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Ethiopia considers renewable energy

bio-diesel plant
Addis Ababa, Ethiopia — ESI-AFRICA.COM — 06 December 2010 – Policy-makers in Ethiopia “’ challenged by fluctuating oil prices and poverty “’ are seeking solutions that will improve the living conditions of its people and boost its fragile economy. One such solution, Ethiopian leaders hope, is renewable energy.

Statistics from the Ethiopian Ministry of Mines and Energy (MoME) indicate that the country spends about US$800 million annually to import petroleum products for domestic consumption. According to the MoME this represents more than 90% of Ethiopia’s earnings from foreign trade each year. Were the country to tap some of its renewable energy potential, the energy independence it would achieve as a result, would be a boon to the economy.

Because of its location, Ethiopia is perhaps one of the most-suitable nations in Africa for tapping renewable sources of energy, not only for its own economy, but also for export into regional economies such as Kenya, which are always looking at enhancing their energy capacity.

While Ethiopia boasts of numerous green energy possibilities such as geothermal, solar and wind power generation, it is the biodiesel sub-sector that has taken off over the last few years, and continues to witness increased attention both from the government and development partners from abroad.

Ethiopia is one of the largest countries in Africa but it is also one of the driest “’ a factor that renders most of its land unsuitable for agricultural production. This has led the Ethiopian government to shift its focus to biodiesel crops that flourish under the harsh climatic conditions of Ethiopia.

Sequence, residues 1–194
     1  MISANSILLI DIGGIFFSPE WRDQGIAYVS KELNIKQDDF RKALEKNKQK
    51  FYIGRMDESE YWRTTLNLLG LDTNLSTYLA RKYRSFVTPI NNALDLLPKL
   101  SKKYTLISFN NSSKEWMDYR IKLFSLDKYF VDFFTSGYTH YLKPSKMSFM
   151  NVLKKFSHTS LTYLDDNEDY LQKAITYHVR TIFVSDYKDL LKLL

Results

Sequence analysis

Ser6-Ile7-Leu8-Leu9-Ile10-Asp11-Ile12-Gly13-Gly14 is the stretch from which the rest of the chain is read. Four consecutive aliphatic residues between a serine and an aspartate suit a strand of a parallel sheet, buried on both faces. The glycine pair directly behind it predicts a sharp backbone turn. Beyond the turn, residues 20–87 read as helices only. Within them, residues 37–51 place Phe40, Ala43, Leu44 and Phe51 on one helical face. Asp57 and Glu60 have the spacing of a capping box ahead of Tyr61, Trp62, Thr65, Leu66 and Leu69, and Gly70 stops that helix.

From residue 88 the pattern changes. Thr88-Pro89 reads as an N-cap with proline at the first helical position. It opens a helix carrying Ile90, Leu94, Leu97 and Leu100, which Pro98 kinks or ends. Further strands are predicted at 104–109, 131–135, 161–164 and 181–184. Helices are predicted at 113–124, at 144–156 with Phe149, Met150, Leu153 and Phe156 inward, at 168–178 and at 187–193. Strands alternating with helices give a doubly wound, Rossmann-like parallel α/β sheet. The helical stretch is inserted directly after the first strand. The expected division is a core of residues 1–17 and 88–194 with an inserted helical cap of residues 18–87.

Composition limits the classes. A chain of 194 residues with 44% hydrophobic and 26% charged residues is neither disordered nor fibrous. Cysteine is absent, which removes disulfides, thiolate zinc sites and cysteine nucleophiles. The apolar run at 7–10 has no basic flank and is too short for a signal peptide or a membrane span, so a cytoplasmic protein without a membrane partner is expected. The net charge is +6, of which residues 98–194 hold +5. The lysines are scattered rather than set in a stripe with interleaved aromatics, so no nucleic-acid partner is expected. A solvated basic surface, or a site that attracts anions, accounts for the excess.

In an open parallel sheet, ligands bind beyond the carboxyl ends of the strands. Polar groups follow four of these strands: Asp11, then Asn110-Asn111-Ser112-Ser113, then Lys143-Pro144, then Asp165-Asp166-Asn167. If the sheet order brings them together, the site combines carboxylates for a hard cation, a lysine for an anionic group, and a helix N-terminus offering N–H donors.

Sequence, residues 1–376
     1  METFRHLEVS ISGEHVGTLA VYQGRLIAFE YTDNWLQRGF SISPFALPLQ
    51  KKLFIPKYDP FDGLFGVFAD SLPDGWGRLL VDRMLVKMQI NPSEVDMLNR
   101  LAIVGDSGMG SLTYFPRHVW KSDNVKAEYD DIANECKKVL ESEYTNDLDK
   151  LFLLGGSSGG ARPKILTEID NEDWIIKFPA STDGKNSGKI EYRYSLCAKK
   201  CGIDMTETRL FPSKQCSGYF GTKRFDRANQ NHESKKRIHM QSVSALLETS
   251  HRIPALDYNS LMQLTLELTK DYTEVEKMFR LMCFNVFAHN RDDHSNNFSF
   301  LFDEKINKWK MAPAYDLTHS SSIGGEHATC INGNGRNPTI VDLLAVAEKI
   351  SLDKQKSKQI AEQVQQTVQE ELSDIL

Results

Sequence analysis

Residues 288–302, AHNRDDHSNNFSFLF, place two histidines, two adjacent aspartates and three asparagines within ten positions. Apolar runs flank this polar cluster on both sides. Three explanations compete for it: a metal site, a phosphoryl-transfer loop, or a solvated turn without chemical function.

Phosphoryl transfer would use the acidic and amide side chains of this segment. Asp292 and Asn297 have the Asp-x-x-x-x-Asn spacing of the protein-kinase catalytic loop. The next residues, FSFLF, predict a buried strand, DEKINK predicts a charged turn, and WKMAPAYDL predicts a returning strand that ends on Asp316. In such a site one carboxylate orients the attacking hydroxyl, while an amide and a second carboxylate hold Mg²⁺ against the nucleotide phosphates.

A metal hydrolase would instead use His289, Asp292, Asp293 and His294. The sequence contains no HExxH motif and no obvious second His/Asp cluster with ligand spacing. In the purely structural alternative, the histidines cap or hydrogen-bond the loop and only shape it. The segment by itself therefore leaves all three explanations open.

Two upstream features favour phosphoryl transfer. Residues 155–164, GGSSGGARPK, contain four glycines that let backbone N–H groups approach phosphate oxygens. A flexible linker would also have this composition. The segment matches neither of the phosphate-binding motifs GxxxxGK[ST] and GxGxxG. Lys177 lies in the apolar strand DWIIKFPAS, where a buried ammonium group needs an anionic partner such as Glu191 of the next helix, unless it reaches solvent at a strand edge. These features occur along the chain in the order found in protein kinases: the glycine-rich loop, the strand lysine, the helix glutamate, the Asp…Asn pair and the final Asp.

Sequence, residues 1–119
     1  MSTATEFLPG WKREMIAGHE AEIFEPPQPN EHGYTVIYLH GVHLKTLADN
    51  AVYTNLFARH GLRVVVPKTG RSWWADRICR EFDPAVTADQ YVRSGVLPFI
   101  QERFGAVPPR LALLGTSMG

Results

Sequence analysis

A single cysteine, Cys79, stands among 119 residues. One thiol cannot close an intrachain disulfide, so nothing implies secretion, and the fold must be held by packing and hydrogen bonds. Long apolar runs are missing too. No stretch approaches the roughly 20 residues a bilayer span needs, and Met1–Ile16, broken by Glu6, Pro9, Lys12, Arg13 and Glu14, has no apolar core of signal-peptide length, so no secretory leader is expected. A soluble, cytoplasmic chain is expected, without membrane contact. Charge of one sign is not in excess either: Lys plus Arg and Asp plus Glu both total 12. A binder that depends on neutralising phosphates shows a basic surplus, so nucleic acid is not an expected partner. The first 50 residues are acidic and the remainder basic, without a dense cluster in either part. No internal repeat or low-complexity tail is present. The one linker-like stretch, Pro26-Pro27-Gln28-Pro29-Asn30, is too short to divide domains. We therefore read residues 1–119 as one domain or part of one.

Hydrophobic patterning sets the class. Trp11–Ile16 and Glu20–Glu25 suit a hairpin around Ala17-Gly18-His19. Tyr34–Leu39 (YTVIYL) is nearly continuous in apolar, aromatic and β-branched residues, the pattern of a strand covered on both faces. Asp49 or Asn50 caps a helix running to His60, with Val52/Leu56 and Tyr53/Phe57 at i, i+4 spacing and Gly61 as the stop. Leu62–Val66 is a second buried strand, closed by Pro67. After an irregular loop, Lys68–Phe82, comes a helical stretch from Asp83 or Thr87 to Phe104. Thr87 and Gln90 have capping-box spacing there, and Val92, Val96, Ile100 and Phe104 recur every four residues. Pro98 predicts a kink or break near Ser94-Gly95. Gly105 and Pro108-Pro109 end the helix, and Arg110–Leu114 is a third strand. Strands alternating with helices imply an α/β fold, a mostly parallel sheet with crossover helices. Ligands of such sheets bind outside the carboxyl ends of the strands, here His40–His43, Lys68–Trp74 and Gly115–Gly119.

The shift from expensive fossil fuels to cost-effective bio-fuels has received a stamp of approval from the Ethiopian government. It recently approved a 16-page renewable energy strategic document that was prepared under a collaborative partnership between the MoME, the Ministry of Trade and Industry (MoTI) and the Ministry of Agriculture and Rural Development (MoARD).

According to an expert from the Ministry of Finance and Economic Development (MoFED) it now sees a clear need for cheaper energy that it hopes to get through renewables.

The most popular biodiesel plants in Ethiopia include castor seeds and jatropha curcas. Numerous companies from India, Europe, Israel and the United States have formed joint partnerships with local companies to help grow the plants for biodiesel extraction.

According to the Ministry of Mines and Energy biodiesel offers Ethiopia one of the best alternatives to expensive fossil fuels, and accords the progressively expanding Ethiopian economy cheap energy sources. The growing interest in the sector is evident, as the Ethiopian Investment Agency (EIA) has over the last two years registered more than 60 companies interested in venturing into the biodiesel production sub-sector.

According to EIA, there are more than 25 million hectares of land available in Ethiopia suitable for biodiesel crop farming. If fully developed, this would make Ethiopia the largest biodiesel producer in the world, with an annual output of more than 20 million litres of crude oil processed from biodiesel crops.